But Ian is expected to remain a hurricane. And so there are hurricane warnings in effect all the way to places like Orlando. Now we have issued hurricane warnings along the east coast of the Florida Peninsula, includes places like Melbourne, the Kennedy Space Center area, so we're expecting a widespread damaging wind event.
We're looking at widespread power outages, tree damage, damage to homes, mobile homes. So a very unsafe environment for the next 24 to 36 hours as Ian moves across Florida.
BERMAN: You talk about the actual threat to the east coast of Florida. I know a lot of people look at the map and see Lake Okeechobee and there are often concerns about that.
Are you concerned about the rivers and streams perhaps flooding?
BRENNAN: The potential for that will be maximized a little farther north. We're most concerned about this area in central and east central Florida from Tampa to Orlando. That's where we could see the most significant severe widespread freshwater flooding.
We also have the potential to see storm surge flooding along the east coast, in areas like St. Augustine and Jacksonville, because there will be strong onshore windflow that'll push the Atlantic into the east coast of Florida. Storm surge warnings have been issued as far as up to Georgia and South Carolina.
BERMAN: That's just remarkable, the scope, the breadth of the threat of this storm.
BERMAN: Michael Brennan, thank you so much for being with us and helping us give people a sense of what they can expect starting basically now.
Let's try to go back to Punta Gorda, Florida, now.
Randi Kaye, if you can hear me, tell me what's happening?
KAYE: Hey there, John. We have moved to actually to safer ground here, because we were a little concerned we were at the water's edge. So we moved to higher ground to this parking garage.
Punta Gorda looks pretty deserted. We have been experiencing much greater winds. Our hotel is in the distance. We've had to move the cars, because they were expecting this 12- to 18-foot storm surge.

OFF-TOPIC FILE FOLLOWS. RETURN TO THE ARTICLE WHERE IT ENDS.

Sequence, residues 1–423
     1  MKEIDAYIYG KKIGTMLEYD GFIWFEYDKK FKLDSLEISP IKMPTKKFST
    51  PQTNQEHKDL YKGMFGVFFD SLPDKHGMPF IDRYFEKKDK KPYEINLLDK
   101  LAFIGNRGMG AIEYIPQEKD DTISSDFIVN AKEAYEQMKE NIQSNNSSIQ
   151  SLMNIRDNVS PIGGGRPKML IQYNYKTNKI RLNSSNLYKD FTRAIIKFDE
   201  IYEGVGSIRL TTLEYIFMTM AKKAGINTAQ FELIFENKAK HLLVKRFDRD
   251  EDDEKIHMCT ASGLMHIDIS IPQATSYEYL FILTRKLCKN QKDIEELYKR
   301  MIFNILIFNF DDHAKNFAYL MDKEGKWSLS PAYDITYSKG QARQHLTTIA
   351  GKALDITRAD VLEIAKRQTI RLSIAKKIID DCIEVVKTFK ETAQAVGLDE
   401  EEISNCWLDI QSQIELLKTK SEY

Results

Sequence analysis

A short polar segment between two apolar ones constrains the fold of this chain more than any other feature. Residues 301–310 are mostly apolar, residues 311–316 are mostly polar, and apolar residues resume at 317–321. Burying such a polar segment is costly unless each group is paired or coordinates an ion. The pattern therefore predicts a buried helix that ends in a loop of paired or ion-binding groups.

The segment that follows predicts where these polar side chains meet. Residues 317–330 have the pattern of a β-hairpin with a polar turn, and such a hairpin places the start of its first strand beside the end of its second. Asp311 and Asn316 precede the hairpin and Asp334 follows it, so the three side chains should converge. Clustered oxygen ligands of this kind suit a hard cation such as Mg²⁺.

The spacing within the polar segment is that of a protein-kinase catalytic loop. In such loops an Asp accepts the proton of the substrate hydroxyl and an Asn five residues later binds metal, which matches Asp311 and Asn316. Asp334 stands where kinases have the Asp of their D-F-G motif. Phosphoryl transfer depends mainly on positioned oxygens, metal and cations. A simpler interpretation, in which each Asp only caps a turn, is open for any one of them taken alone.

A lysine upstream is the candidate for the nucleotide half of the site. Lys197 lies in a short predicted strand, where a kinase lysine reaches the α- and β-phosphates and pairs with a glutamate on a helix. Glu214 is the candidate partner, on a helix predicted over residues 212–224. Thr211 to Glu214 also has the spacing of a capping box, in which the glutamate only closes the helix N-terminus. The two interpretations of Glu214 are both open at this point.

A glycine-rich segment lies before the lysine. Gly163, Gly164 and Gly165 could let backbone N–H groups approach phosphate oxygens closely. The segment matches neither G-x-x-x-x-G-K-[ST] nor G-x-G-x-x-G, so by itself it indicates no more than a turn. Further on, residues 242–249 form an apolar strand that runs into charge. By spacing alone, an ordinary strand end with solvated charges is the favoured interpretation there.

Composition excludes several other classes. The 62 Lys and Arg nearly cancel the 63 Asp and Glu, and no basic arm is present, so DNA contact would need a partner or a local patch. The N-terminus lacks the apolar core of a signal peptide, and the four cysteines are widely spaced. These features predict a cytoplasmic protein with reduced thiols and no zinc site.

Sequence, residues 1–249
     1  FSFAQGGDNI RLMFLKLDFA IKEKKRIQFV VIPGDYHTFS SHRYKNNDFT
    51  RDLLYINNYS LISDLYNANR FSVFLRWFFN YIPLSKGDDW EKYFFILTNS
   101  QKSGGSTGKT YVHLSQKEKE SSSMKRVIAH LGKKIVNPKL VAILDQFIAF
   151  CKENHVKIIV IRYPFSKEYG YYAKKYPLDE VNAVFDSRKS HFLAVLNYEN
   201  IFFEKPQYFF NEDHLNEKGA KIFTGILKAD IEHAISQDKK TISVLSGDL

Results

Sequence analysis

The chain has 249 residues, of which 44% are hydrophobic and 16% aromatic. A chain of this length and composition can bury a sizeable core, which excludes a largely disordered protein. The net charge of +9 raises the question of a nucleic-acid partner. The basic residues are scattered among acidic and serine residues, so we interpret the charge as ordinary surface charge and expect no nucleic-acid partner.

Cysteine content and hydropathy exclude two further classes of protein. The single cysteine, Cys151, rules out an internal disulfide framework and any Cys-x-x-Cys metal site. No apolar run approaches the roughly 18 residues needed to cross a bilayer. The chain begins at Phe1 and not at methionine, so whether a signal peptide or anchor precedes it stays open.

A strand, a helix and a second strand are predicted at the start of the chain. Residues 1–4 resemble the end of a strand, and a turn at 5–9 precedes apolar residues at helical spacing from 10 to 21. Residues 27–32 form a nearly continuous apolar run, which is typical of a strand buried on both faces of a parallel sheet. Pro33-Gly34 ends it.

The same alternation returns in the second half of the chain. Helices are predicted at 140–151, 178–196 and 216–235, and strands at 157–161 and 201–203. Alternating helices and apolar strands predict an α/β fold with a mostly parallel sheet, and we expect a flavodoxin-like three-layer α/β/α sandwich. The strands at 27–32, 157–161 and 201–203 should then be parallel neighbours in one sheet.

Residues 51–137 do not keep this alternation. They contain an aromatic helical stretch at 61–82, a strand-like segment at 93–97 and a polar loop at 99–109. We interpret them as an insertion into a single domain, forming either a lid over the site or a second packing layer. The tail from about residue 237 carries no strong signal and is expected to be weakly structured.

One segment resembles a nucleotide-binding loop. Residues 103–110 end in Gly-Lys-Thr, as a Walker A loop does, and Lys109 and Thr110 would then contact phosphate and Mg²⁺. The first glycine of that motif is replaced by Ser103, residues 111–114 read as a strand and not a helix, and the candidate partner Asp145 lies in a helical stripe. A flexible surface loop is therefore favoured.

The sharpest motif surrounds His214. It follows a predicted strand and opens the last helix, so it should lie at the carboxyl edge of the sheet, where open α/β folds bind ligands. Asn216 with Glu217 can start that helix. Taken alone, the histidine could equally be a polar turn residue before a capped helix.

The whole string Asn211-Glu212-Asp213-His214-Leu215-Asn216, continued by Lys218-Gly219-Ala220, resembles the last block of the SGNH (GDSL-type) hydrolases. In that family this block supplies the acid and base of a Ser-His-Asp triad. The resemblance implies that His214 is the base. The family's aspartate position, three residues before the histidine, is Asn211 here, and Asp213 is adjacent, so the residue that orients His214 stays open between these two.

We knew that wouldn't be safe for us or our vehicles. We moved up to this higher ground here.
We know there were evacuations earlier. They were considering expanding those evacuations to Zone C, almost about 200,000 people or so have evacuated already or were under evacuate orders already.
They don't go and check on those people once they put the evacuation orders in place. If you take a look, this is sort of the same picture. Certainly very, very quiet, except for some palm trees that seem a bit angry at the weather right now. We are just waiting here in downtown Punta Gorda for a possible storm surge, 12 to 18 feet, John.
BERMAN: Randi, you're a great reporter, I know you're making the right choices, thank you so much for watching out for your team. We'll come back as soon as we can.
Brian Todd is St. Petersburg.
These bands are coming through. You're really starting to feel it.
BRIAN TODD, CNN CORRESPONDENT: That's right, John. As you know, when you cover storms of this intensity, you will go through periods of a lull and then real intense energy.
Well, this is the latter. This has picked up energy where we are in St. Petersburg. Check out the storm surge here. They're also smashing up against the jetty behind me. My photojournalist Mike Love (ph) and I will try to give you a sense of the energy here.
What they are fearful of in downtown St. Petersburg, to your right, my left, the water levels over there, you can see in that -- along that seawall, the water levels have receded. But that's deceptive. It will be high tide in a few hours. That water level will rise.
And as it gets more intense, it will push the surge into downtown. We talked to the mayor a short time ago. What they're worried about, that neighborhood in there, Shore Acres and the Waterfront, that's going to be flooded.
He says whenever there's a storm of this intensity, that area gets flooded. We'll do a sweep over there in a short time to see what flood damage they have gotten. We've already gotten word of a structural fire that emergency crews have been responding to, of downed power lines.
The mayor says they have a lot of power outages because of uprooted trees. They're worried about people who have homes near canals. That will be a problem with high tide come this afternoon. That may coincide with storm surge.
When the rain pellets start hitting you from the side, you know it's getting more intense. Right now it is, John.
BERMAN: Brian Todd for us in St. Petersburg, starting to feel it there.
We have reporters up and down the coast of Florida, new information coming into the weather center. This is CNN's special live coverage. We'll continue right after this.